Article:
I came across this site a long time ago, and it made me think about some of the odd things I’ve found in books over the years.

I’m a voracious reader, and I make good use of our (really fabulous) local library. I borrow books, I request books from other libraries, and I buy books at the annual book sale. I buy books at Goodwill and other second-hand shops, and at garage sales, too.

I have nothing against new books, but I can rarely justify paying for them when they are available for free or almost free. More than the cost, though, I value recycling and I also really like the idea of enjoying a book someone else has already read and had in their hands; it makes me feel connected to other book lovers in a distant, but oddly intimate way.

I love to find comments in the margins, and lots of times there is stuff stuck in the book. Usually I find innocuous or obvious things like the library receipt, a credit receipt from the second-hand store, or a bookmark.

But sometimes it`s other things, more intriguing things that I`m sure were left in the book accidently. Once I found a picture of a woman sitting on a couch in a living room and laughing. She was older and had dyed black hair, and bright red nail polish. She was wearing a red sweater and black pants.

The odd thing about the picture was that it had been ripped on all four sides to leave only the fragment with the woman in it. There must have been other people in the photo as the woman is looking away from the camera and laughing, obviously at someone to her right, who has been ripped out of the picture.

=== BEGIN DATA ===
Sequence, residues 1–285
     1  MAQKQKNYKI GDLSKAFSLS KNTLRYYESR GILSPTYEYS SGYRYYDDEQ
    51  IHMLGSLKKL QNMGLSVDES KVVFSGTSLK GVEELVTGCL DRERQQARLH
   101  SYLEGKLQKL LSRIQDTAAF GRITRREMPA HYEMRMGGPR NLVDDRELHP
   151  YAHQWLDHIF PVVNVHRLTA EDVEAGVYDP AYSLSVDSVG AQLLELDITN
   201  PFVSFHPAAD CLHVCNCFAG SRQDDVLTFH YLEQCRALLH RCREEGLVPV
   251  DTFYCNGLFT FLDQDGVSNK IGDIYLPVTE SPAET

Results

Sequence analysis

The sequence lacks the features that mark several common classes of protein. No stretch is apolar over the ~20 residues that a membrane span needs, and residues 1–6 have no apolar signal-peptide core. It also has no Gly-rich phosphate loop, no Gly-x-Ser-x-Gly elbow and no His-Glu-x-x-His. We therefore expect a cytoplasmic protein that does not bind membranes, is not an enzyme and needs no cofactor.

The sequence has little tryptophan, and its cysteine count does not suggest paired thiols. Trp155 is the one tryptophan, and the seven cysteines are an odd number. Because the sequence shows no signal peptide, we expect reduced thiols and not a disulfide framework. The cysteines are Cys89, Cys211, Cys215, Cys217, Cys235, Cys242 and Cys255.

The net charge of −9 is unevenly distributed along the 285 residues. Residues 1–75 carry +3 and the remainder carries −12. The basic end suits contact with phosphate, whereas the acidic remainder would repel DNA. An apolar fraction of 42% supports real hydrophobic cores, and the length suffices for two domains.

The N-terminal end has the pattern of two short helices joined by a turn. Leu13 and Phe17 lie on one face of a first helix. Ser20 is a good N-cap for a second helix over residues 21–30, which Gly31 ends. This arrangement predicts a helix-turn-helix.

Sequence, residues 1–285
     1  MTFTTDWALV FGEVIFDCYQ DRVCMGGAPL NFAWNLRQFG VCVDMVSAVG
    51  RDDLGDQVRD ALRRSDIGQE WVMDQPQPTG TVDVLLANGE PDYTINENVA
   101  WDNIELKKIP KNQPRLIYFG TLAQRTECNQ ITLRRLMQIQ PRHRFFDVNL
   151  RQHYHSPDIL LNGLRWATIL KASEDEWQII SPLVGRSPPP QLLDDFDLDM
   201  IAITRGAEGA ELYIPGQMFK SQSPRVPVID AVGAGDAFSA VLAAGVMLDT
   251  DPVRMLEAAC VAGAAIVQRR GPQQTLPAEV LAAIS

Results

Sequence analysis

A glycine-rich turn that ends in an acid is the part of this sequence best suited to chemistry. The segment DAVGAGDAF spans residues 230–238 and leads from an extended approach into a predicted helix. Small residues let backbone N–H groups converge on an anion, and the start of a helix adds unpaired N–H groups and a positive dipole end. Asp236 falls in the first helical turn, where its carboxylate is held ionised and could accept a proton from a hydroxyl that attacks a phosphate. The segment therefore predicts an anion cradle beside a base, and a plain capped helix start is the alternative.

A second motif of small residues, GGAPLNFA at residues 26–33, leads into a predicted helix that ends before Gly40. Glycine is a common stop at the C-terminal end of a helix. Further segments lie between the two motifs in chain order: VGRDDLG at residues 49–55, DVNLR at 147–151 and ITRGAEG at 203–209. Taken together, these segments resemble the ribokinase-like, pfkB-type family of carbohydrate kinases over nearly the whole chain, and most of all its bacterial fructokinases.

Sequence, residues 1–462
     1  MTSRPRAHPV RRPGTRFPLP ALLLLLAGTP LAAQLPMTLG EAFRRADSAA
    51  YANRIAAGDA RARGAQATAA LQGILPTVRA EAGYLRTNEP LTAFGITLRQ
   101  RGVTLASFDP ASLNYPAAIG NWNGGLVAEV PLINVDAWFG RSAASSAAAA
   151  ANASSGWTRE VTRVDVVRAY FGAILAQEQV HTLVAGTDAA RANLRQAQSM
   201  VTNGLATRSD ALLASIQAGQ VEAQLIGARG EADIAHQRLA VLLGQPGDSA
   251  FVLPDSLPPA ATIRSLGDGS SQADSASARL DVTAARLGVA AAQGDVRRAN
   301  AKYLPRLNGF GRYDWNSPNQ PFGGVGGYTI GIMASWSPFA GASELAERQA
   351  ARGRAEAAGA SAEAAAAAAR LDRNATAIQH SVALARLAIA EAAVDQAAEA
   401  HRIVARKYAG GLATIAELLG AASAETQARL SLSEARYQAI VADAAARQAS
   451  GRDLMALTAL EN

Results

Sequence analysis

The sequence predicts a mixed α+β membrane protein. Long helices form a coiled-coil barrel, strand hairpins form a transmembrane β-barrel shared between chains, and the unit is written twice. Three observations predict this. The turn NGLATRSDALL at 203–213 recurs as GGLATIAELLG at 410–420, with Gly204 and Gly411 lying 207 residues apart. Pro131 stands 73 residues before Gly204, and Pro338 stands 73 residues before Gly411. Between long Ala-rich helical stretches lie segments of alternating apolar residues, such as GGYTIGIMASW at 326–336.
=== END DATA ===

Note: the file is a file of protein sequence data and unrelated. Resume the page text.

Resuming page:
I looked at the picture for a long time. Our lives are connected now in a very odd way, even though I have no idea who she is, and she probably has no idea what has become of that picture. I want to know what she was laughing at, and what was in the rest of the picture.

She`s a real person, living her life somewhere, and she or someone who knew her had read the book on my nightstand. Or maybe she`s dead now. I would like to know her name. Doesn`t that seem wierd? Just the fact that I wasn`t meant to ever see that picture makes it seem like something stolen, or too personal, somehow.

Once I found a note in a book and when I started to read it I felt like I was eavesdropping or interfering in some way, so I folded it back up and put it back in the book without reading the rest of it. I always put the stuff back right where I found it, and send the book back out into the world for the next person to discover the unexpected contents.

Thinking about the ways in which we are connected never loses it fascination for me. Like people who are traveling on the highway at the same time, or flying on the same airplane, shopping in the same store or sitting in the same movie theater. There is always the chance that they`ll meet and their lives will become intertwined, for better or worse.

Otherwise, we just seem to each be in our separate bubbles. But we aren’t really. That’s just an illusion. The other people are there in the picture, but to each individual, life consists of only our own little fragment. The other pieces are out there, though, just waiting to come together.